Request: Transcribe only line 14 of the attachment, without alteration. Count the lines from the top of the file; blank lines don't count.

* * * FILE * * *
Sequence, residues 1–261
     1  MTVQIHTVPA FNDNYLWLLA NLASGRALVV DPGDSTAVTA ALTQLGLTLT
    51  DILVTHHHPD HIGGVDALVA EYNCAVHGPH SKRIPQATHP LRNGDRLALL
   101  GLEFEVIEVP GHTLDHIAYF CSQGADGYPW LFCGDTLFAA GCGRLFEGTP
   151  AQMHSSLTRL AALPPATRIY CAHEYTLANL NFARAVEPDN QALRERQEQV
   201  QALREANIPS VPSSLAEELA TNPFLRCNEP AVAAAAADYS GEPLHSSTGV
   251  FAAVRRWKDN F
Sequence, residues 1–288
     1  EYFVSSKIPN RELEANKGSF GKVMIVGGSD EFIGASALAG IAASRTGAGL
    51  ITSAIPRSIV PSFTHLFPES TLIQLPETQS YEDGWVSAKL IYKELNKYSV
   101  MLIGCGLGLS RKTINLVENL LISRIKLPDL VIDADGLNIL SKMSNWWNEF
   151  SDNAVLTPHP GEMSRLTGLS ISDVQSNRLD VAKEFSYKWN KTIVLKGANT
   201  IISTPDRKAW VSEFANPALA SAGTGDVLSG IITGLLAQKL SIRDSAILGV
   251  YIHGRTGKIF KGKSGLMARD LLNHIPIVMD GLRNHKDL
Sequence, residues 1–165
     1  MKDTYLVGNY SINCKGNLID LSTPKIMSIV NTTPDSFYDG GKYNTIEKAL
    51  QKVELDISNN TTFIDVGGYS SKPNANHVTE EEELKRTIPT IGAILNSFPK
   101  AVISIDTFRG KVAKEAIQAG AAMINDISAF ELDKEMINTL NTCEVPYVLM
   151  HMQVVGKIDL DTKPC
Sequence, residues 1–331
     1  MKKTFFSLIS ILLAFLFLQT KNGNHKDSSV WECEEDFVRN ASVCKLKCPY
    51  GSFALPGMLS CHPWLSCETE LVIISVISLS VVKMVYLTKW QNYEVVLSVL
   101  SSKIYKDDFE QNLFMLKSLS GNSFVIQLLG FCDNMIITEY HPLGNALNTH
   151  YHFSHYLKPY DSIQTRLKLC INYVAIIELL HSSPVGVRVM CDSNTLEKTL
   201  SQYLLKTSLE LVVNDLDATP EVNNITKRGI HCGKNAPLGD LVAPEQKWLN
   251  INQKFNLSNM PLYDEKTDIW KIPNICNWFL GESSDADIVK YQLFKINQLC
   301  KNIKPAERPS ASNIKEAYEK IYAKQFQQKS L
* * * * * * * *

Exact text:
   251  YIHGRTGKIF KGKSGLMARD LLNHIPIVMD GLRNHKDL